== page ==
So, I imagine that some of you visiting today are new to my blog. Welcome. I hope that you enjoy yourself while you are here. The first part of this post is for the newcomers. It introduces the idea behind this blog and what I do with typewriters in school. The second part is about a new typewriter in my collection.
The CTP in a Nutshell
The original concept behind The Classroom Typewriter Project was to have students write without distraction. Computers have become distracting devices the divert our attention from quiet inspiration and real reflection. The typewriter is still the perfect machine for getting ideas neatly presented on paper. Moreover, the typewriter requires the author to be aware of GUMS (grammar, usage, mechanics, and spelling) because a typewriter has a way of making your literary missteps very public.
To bring you up to speed on what has happened I have aggregated some of the older posts from this blog. These will be helpful in understanding the goals and what I wanted to do.
1. The original proposal sent to the nascent Typosphere: http://magicmargin.blogspot.com/2010/08/classroom-typewriter-project.html
2. The Hypothesis: http://magicmargin.blogspot.com/2010/08/hypothesis.html
3. The Process: http://magicmargin.blogspot.com/2010/08/process.html
4. Some results: http://magicmargin.blogspot.com/2010/09/results-of-weekly-typewriter-inventory.html
A New Acquisition
At $45 it was one of the more expensive Goodwill purchases I have ever made, but if you look at the following pictures you can see why I caved.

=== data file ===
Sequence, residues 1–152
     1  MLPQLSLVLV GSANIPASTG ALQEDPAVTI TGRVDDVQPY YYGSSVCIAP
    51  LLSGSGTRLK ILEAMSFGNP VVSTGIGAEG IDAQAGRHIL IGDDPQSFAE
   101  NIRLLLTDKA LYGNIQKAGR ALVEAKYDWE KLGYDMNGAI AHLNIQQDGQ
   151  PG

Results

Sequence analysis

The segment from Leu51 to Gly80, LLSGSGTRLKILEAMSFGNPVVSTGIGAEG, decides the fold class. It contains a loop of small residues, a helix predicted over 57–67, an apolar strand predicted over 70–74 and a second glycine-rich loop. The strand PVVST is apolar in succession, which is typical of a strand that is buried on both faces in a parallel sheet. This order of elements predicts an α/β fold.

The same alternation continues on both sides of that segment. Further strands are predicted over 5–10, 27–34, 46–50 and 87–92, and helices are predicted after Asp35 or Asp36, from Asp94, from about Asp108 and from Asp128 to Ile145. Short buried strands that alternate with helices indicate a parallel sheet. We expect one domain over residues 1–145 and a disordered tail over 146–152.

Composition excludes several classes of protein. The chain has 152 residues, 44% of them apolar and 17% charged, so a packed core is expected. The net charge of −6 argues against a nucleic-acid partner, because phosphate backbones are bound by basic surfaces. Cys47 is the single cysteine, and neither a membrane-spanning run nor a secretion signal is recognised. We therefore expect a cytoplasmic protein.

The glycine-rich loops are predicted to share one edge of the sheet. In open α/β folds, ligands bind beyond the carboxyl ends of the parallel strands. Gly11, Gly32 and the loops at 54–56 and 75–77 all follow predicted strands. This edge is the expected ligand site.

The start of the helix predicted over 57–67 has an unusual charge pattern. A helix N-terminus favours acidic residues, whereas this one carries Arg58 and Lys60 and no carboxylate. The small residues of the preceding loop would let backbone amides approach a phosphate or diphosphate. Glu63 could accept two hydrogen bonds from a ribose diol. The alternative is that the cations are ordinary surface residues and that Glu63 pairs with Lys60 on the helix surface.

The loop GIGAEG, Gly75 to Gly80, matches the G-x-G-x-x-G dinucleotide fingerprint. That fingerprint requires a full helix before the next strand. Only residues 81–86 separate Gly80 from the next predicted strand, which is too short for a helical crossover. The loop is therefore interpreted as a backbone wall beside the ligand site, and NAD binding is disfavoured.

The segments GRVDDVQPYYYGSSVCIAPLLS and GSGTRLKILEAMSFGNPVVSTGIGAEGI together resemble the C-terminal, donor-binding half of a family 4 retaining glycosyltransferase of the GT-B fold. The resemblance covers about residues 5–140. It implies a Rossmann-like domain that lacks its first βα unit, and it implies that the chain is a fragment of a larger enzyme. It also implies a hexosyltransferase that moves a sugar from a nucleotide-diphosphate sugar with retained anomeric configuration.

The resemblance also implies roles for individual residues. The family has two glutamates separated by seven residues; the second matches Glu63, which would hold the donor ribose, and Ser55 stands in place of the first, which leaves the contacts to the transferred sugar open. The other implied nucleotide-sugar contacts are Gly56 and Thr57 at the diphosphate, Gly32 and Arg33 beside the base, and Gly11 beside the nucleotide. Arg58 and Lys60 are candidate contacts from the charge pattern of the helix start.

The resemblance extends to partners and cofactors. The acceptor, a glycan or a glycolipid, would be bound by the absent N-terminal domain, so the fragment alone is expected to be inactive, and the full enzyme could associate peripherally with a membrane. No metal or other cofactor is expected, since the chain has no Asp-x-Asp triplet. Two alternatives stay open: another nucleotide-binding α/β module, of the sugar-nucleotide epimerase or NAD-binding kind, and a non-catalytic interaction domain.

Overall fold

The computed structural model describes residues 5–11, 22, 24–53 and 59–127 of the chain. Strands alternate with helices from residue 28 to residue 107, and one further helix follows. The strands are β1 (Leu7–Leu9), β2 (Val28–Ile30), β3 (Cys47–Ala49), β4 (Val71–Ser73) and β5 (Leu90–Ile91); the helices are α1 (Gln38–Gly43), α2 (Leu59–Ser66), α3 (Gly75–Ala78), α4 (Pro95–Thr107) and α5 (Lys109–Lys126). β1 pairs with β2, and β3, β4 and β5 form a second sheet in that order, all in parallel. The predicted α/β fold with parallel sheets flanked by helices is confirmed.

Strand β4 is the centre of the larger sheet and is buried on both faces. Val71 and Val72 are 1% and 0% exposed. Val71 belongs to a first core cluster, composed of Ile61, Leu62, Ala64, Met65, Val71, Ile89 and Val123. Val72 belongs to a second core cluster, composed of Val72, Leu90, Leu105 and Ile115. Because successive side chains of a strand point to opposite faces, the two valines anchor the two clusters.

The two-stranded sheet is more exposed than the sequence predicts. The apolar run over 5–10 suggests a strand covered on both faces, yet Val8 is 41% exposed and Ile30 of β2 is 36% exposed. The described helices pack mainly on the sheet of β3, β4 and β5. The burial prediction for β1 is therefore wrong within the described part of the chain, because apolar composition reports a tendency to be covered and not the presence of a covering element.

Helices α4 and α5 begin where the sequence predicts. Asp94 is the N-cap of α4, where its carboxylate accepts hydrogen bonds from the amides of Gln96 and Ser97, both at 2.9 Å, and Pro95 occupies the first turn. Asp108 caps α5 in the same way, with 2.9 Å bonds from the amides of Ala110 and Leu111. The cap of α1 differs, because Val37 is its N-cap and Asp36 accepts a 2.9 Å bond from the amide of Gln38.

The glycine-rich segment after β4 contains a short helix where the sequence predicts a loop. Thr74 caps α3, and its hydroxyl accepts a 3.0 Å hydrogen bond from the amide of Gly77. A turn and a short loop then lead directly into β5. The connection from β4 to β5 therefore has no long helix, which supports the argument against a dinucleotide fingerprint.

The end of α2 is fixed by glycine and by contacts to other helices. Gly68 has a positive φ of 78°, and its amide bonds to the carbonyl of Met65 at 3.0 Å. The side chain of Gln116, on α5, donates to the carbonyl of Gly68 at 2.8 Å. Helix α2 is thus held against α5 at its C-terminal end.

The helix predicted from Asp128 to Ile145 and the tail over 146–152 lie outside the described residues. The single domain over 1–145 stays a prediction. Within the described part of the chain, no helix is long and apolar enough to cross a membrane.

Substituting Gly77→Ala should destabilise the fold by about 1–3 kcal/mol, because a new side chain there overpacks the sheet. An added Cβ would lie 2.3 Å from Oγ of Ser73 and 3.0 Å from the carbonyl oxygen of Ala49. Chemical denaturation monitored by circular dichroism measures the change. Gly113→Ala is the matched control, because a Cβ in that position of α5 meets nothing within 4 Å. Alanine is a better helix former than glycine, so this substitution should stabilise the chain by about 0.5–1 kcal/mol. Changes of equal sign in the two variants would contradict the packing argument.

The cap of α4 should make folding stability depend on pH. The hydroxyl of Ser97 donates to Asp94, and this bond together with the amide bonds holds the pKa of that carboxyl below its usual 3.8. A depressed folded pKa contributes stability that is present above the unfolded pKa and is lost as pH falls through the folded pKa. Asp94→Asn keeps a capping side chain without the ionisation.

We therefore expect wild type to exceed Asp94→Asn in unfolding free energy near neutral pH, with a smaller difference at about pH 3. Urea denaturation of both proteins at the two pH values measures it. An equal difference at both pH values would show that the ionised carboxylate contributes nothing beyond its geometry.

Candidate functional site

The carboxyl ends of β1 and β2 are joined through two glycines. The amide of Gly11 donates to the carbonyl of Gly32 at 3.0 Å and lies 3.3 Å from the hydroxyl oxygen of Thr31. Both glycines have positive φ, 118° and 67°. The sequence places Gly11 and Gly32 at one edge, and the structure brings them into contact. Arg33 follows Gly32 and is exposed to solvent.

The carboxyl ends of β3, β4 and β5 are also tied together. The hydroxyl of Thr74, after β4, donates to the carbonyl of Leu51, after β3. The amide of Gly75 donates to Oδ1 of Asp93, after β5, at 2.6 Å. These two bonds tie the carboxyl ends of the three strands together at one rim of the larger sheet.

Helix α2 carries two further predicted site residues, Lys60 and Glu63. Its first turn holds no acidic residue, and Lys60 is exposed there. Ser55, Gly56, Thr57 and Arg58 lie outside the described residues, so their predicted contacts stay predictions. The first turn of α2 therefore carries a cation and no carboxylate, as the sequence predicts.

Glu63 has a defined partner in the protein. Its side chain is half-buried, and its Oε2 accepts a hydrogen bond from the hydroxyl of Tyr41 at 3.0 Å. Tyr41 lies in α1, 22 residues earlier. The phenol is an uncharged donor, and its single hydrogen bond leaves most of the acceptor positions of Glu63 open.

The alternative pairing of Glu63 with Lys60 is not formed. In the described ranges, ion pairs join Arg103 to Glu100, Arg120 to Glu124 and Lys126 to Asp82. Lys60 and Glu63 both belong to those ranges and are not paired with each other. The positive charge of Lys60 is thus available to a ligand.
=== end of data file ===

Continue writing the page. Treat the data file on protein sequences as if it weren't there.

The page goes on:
Now, the result shown here is less a product of the patented (not really) Magic Margin treatment and more a product of chance. I lucked out with a nice machine.
There are a few warts, but nothing that is too terrible.
An unusual key is always a nice addition. This one is called an obelus and is not always a mathematical sign. It can be a mark that signifies that some text is corrupted or spurious. The obelus can also be used for some fractional indications.
The serial points this machine to the end of production year 1924. Earlier this afternoon I created a Typewriter Database entry for this typewriter and you can find it at: http://typewriterdatabase.com/1924-remington-portable.1298.typewriter If you haven't been participating in the TWD, go now. You are missing a great collector's tool.
How does it write? The platen is standard; hard. So, the entire feel of the typewriter is slightly off, but from what I have experienced so far, I have to say it's nice. Good feel. having the type bars so high up makes for a fairly light touch with a resounding whack.